Rpanion-Server is an Open Source software package for a companion computer (such as the Raspberry Pi) on autonomous vehicle. It provides a web-based interface for configuring the network, telemetry (MAVLink) routing and logging from a connected flight controller.
Also included is a low-latency video streaming server.
I recently ran a survey to determine how and where companion computers were being used by the ArduPilot community.
This was done as part of research into a successor to my Pi-Connect board, but the results are also of interest to the community.
I would caution that I did not get as many responses as I had anticipated (53 respondents). The results presented below should not be taken as precise numbers. They should be interpreted as general trends instead.
Results and Observations
Most ArduPilot users do use (or plan to) companion computers. I would point out that this being a “companion computer survey”, many people who do not use them may have elected not to complete the survey.
There is a generally equal split between hobbyist, commercial and R&D work; but with a slight bias towards hobbyists. Respondents could select multiple answers here if they wanted.
No clear winner here. This shows how varied and flexible companion computer usage is. Respondents could select multiple answers here if they wanted.
It is very clear here that the Raspberry Pi and Nvidia Jetson are by far the popular companion computers. Respondents could select multiple answers here if they wanted.
Over a third of users are creating their own software using libraries such as pymavlink, dronekit or MAVSDK.
There’s a lot of development going in here, with 73% of respondents doing some level of bespoke development.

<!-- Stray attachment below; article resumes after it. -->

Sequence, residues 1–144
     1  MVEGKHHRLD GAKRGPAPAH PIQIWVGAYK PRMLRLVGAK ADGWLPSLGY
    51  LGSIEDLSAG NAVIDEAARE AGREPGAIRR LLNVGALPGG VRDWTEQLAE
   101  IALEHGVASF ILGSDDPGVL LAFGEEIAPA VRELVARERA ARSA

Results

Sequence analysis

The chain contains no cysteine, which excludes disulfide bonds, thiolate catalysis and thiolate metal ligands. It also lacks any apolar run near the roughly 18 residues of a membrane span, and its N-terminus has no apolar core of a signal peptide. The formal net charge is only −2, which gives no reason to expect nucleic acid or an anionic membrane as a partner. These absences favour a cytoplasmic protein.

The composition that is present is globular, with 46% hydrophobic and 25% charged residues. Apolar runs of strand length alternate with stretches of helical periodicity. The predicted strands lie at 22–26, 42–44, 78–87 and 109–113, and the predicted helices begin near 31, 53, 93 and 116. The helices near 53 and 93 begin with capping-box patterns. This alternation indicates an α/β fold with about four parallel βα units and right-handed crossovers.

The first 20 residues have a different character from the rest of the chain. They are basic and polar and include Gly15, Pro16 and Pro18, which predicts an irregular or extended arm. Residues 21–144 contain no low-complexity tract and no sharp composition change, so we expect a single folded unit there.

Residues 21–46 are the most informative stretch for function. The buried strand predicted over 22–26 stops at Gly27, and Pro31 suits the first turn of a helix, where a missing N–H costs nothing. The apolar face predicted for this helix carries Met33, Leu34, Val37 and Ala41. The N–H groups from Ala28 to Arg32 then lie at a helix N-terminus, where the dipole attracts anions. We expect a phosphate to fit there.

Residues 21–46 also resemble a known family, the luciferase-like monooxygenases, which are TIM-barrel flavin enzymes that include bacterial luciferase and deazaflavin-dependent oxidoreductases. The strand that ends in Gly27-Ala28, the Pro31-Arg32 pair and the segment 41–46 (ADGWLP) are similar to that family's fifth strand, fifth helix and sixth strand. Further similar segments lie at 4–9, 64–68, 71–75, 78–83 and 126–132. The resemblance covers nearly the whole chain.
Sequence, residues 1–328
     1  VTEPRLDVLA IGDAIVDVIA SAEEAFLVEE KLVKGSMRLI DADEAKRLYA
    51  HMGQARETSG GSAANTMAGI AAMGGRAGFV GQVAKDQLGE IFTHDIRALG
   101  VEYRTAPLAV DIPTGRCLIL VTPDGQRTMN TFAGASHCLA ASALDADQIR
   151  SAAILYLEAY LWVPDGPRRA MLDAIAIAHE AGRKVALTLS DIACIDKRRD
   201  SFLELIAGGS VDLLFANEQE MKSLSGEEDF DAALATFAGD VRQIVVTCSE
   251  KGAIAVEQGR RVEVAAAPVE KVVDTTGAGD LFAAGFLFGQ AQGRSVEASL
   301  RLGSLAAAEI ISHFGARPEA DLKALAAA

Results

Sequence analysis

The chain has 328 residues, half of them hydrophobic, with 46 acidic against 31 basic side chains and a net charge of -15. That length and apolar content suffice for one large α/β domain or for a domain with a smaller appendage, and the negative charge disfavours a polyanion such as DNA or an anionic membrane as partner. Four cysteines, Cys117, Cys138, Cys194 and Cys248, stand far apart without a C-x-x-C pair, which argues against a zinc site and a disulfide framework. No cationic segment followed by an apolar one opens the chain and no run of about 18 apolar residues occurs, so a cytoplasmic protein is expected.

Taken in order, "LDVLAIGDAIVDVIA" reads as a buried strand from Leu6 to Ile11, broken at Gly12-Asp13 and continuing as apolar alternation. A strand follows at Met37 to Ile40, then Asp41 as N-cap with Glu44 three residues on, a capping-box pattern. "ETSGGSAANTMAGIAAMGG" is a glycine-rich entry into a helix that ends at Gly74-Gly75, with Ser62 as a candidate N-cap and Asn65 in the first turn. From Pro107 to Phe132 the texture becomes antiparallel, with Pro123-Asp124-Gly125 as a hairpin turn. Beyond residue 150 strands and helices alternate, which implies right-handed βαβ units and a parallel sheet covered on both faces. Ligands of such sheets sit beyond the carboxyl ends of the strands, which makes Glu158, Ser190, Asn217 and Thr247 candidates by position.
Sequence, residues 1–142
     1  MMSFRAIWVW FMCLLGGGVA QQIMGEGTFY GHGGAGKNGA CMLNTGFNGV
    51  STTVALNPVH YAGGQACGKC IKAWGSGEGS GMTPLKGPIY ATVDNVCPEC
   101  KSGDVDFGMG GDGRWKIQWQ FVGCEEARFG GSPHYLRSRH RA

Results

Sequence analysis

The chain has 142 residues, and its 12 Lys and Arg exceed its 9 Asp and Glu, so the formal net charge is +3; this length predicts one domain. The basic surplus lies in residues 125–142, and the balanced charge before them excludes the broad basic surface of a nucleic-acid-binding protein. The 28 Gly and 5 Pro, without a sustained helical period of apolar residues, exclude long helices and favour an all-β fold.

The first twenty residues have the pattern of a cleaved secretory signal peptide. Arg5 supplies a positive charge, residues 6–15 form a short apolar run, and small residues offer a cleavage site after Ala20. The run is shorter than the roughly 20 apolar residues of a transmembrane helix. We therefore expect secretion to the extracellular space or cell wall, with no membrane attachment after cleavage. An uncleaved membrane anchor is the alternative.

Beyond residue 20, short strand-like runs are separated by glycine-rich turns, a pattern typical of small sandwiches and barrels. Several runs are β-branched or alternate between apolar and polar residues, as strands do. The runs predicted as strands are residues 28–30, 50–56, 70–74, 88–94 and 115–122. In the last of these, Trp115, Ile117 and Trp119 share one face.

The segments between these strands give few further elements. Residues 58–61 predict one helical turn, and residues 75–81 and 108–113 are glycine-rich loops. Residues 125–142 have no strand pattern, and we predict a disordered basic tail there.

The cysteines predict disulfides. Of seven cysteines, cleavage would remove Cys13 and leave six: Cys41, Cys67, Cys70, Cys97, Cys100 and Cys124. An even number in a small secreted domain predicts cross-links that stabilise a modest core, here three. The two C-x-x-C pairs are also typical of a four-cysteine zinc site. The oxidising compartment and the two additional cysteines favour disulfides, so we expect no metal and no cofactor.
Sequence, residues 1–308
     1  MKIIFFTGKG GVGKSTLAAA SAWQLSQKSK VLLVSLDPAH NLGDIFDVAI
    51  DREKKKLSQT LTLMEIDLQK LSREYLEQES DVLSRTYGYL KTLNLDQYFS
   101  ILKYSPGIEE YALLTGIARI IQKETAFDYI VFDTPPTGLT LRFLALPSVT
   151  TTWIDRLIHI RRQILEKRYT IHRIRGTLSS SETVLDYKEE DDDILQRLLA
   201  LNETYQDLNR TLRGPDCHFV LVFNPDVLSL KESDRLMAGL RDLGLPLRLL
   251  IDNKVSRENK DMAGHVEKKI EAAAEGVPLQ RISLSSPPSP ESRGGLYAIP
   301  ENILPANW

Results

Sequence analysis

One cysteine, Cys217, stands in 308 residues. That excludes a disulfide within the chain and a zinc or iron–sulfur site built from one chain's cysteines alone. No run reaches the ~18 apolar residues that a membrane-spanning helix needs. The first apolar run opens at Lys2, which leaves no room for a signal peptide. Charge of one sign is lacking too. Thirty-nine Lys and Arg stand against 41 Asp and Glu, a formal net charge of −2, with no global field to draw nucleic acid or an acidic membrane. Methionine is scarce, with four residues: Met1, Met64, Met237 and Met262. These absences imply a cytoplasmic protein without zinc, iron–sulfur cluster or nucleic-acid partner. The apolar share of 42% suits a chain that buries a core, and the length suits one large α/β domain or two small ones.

Respondents could select multiple answers here if they wanted.
Looking at the top desired features here, it links back to why the Raspberry Pi and Nvidia Jetson are so popular. Respondents typically want something small with a powerful CPU, plenty of existing software libraries and good community support – which the Pi and Jetson excel at.
For ArduPilot users, most companion computer usage is centred on the Raspberry Pi and Nvidia Jetson. C/C++ and Python development of bespoke applications is typical on the software side, creating a wide variety of applications.
I’m running a small survey of the usage of companion computers in the ArduPilot community.
It’ll take less than 10 minutes to complete.
Even if you don’t use a companion computer, please respond (it’ll take less than 5 seconds) so we have an idea of what proportion of users are or are not using companion computers.
The results of sections 1 and 2 of the survey will be published online so developers in our community can focus their efforts accordingly. Sections 3-4 I’ll be using to narrow down options for a successor to my Pi-Connect board.
Due to COVID-19, there have been some delays in getting the latest batch of boards back in stock. The Pi-Connect Lite board and associated cables have now arrived and can be found on the right sidebar or the “store” link above.
If you have any issues with purchasing or shipping, email me at firstname.lastname@example.org and I’ll sort it out.
To assist users in getting up and running with their Pi-Connect boards, I’ve built a customised build of the APSync software. APSync is a web-based interface for managing an Ardupilot-based flight controller. It also includes low-latency videostreaming and a Wifi hotspot. It has been customised to include the Pi-Connect specific configuration for the Raspberry Pi (although it can be run without the Pi-Connect attached).
It’s easy to install – just go to the software page and download the APSync disk image. Load the image onto an SD card using an image writer and you’ll be good to go. No extra configuration required!